A shirt or gown made of strips of country cloth, typically dyed a rusty reddish brown using local pigments. In the past such pigments were seen as having spiritual protective powers. The shirts were worn by hunters and others engaged in dangerous pursuits. They are still worn today by male initiates in the course of their initiation into adulthood and by Temne paramount chiefs at the culmination of their ceremonies of installation. It is said that such shirts and gowns should never be washed. In the early 1990s when President Momoh, a Limba, was Head of State, modern secular versions of the Limba shirt (hu-ronko) decorated with black stamped motifs enjoyed prestige beyond the villages of northern Sierra Leone in which they were produced.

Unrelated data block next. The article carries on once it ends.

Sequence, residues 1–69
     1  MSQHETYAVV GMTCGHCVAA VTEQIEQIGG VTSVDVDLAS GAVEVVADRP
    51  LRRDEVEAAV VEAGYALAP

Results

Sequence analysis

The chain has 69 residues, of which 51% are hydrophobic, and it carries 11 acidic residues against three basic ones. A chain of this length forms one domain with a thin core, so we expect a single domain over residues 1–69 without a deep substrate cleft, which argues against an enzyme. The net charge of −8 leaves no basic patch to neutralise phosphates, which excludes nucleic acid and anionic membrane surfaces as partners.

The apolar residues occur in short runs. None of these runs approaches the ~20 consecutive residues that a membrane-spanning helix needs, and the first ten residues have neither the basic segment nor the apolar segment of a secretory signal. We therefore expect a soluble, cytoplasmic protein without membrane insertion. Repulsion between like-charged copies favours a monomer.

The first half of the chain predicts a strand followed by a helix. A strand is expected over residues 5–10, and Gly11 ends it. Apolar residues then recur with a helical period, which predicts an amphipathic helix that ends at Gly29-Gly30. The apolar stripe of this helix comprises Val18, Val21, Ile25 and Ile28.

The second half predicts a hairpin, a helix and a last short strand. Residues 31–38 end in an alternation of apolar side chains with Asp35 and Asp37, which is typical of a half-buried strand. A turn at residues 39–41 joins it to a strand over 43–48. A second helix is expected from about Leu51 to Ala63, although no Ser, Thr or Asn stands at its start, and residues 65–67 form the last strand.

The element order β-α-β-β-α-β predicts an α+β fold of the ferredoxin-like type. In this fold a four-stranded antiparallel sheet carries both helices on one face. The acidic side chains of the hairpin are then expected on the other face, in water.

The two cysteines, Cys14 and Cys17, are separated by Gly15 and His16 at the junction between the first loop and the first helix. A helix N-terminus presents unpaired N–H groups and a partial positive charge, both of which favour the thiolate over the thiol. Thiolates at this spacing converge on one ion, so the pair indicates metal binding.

- S.Ottenberg, 'Decorated hu-ronko shirts from northern Sierra Leone', African Arts, 2007, 40, 4, 14-31.